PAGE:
Well-known Dublin publican ‘livid’ as video of Saturday street drinking emerges
Grogans in Dublin city centre has been closed for eight months
Grogans pub on South William Street Dublin. File photograph: Bryan O’Brien
Footage posted on Twitter showed crowds gathered in the South Williams Street area on Saturday night.
Video footage of hundreds of people gathered on Dublin’s South William St on Saturday evening has left a well-known local business owner angry as he has been forced to stay closed for eight months.
The footage, which was circulated widely on social media, shows large crowds drinking on the city centre street and on surrounding streets in an apparent breach of Covid-19 lockdown rules.
Under the Government’s Level 5 restrictions in place across the State, so-called “wet pubs” that do not serve food can offer a take-away or delivery service only.
The regulations also state: “It is possible to meet with one other household in an outdoor setting which is not a home or garden, such as a park, including for exercise.No other social or family gatherings should take place.”
Daniel Smith of Grogan’s Pub on Castle St first aired his concerns on Twitter on Sunday morning. “Eight months closed yesterday. Deemed unsafe to operate by Nphet and Gov. Is this safer?,” he asked as he shared the footage of the crowds in the area.
He said his premises had been left “in a disgraceful state this morning with tons of rubbish and people using it as a toilet. We are furious this morning.”
When contacted by The Irish Times, Mr Smith said the footage and the rubbish the crowds left behind had “put me over the edge.”
“I am livid ,” he continued. “We are all just so fed up, We have been closed since March and not put a cent through our till since then as we have completely adhered to the rules.
8 months closed yesterday. Deemed unsafe to operate by NPHET and Gov.— Grogans Castle Lounge (@GrogansPub) November 15, 2020
Is this safer?
Clearly nearby properties don't have to follow the rules. Our premises is in a disgraceful state this morning with tons of rubbish and people using it as a toilet.
We are furious this morning. https://t.co/qLti0gPTKQ
“But then you see pubs selling takeaway pints and people buying drink in off-licences and coming down here. We had it in June and we have it again now, it has been going on long enough.”
He said there had “easily been at least 400 people on the street. Where the guards? Surely they knew there was such a large congregation of people in the area?”
In response to queries from The Irish Times, a Garda spokesman said it had responded to the reports of crowds gathering and moved to bring it under control.
“Gardaí attended the scene and requested all persons to disperse,” the spokesman said. “Gardaí maintained a presence in the area. No breaches of regulations were detected. A number of patrols were conducted in the area over the course of the evening.”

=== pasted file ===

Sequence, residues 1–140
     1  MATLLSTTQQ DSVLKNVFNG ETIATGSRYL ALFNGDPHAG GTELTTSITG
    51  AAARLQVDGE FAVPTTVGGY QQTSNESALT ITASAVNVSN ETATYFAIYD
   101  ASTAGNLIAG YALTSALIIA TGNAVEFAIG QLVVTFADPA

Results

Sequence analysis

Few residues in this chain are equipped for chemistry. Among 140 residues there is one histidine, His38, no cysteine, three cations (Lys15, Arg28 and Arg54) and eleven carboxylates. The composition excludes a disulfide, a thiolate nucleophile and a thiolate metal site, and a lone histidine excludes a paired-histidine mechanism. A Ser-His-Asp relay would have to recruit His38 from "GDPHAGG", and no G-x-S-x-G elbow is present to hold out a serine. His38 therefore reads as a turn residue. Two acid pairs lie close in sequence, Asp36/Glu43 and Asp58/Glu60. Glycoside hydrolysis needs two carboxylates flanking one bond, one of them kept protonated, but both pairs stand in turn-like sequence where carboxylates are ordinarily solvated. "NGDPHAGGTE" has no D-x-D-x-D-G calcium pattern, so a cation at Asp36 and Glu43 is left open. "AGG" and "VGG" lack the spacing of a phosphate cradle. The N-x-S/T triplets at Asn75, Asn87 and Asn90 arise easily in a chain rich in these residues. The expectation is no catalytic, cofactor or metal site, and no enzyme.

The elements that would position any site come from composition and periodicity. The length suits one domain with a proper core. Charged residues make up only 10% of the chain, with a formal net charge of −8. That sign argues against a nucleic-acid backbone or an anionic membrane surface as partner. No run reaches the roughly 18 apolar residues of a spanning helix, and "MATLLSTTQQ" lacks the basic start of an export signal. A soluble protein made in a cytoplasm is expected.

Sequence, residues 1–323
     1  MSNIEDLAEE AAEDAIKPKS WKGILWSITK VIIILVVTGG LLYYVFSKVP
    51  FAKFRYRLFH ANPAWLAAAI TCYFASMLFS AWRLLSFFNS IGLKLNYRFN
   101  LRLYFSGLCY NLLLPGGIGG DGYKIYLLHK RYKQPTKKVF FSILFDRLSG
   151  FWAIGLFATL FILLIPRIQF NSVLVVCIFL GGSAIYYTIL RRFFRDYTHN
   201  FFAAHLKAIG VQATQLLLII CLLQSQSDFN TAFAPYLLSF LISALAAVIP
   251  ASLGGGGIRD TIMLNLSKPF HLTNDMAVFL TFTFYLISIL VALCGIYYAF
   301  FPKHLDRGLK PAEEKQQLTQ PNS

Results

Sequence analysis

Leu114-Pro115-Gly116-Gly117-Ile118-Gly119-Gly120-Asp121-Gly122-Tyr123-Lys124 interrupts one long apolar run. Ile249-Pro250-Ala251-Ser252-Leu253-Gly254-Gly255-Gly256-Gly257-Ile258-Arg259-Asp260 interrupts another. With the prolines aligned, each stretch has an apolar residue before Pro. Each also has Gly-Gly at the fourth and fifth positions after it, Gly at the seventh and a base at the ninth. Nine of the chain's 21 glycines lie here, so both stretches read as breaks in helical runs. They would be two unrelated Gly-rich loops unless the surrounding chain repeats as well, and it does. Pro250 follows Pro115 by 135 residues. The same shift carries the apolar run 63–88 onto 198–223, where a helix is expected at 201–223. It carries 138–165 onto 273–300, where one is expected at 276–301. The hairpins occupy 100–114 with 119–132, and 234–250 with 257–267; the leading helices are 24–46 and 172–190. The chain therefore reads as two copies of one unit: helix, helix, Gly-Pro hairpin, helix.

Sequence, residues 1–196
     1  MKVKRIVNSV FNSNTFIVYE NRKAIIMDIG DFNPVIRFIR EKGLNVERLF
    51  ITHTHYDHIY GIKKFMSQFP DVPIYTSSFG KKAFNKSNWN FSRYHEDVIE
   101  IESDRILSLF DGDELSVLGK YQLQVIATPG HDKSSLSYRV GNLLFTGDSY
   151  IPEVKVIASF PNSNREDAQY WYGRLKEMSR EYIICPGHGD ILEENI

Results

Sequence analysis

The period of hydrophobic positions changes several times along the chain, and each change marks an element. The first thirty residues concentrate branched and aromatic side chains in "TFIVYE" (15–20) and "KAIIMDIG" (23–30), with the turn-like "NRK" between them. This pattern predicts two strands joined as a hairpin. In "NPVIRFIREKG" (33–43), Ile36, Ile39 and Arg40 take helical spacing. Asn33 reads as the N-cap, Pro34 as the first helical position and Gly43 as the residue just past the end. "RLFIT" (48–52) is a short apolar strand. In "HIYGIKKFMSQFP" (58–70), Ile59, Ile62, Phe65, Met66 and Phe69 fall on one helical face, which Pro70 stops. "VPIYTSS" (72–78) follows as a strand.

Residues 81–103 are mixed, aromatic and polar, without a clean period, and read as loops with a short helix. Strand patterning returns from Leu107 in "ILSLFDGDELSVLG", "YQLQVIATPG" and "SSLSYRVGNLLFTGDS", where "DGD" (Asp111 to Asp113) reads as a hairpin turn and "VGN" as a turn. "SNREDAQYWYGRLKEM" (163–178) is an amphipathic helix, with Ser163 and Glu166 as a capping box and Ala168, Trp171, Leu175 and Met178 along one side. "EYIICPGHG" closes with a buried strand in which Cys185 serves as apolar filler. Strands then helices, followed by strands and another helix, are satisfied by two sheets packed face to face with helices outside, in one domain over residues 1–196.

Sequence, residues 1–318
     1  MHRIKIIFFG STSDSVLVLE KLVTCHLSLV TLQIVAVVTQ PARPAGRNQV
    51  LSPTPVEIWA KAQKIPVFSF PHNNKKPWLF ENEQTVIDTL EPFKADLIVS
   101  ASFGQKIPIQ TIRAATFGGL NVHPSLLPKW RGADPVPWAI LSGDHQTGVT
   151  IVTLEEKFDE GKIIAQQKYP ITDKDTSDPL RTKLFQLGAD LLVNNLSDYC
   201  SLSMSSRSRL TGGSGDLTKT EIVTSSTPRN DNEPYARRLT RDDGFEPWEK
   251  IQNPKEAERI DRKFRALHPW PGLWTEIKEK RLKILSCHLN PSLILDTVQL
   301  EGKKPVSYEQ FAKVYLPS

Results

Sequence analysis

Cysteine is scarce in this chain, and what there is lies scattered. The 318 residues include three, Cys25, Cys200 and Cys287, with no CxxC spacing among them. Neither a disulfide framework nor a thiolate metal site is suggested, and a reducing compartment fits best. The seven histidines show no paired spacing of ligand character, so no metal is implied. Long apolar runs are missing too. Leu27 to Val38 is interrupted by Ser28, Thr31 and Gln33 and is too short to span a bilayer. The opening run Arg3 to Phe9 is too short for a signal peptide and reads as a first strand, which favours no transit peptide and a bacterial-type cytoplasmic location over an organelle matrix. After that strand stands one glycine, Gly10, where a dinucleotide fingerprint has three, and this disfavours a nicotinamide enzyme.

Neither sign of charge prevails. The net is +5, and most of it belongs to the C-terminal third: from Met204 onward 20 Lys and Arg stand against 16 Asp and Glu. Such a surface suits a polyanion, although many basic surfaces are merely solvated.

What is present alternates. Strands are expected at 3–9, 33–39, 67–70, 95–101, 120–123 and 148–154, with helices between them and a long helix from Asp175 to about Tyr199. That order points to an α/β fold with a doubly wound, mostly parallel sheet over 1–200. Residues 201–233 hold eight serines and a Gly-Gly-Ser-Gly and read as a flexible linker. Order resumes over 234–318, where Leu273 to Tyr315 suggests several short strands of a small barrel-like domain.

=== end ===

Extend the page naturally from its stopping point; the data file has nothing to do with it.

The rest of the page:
The spokesman said that in supporting the Covid-19 public health guidelines and regulations the Garda “has and will continue to adopt, a graduated policing response based on its tradition of policing by consent. This has seen Garda members engage, explain, encourage and, as a last resort, enforce”.
Mr Smith stressed that he did not want to point the finger at any businesses but stressed that things would have to change. “I am not out to scald anyone or any business and it has been a hard year for all of us, we all know that. But it is just too much,” he said.
He told The Irish Times that that on several mornings in recent weeks he has been left to clean up rubbish, urine and faeces from directly outside his pub and he highlighted the impact such gatherings would have on businesses desperately hoping to reopen next month.
“I would be very concerned that Nphet and the Government would look at footage like this and use it as a reason not to allow pubs to re-open despite the fact that we are a controlled environment and behave much more responsibly than this.”
On Saturday, publicans warned Government they have no interest in opening their bars for Christmas if the State moves from Level 5 to to Level 3 restrictions in December.
Level 3 restricts restaurants, cafes, and bars to takeaways and deliveries and outdoor service to a maximum of 15 people only.
During the last Level 3 lockdown in Dublin, “wet pubs” which do not serve food were ordered to remain completely closed.
Taoiseach Micheál Martin told the Dáil on October 20th the target was to move to Level 3 restrictions across the State in early December from the current Level 5 restrictions. On Friday, Mr Martin repeated that Level 3 was still the target.
Vintners Federation of Ireland (VFI) chief executive Padraig Cribben warned that Level 3 restrictions over Christmas would result in large numbers of people crossing the Border into Northern Ireland to socialise in conditions where rates of Covid-19 were “four times higher”. He said moving to Level 3 limits would therefore be counter-productive, as those who travelled across the Border to socialise would be bringing the virus back here.
Asked on the RTÉ’s News at One Programme on Saturday about reopening at Level 3, Mr Cribben said: “Nobody has any interest at any time of the year, it is not viable, it is not practical.” Regarding the prevailing weather at this time of year, he said: “If you look at a day like today, it is just not on.”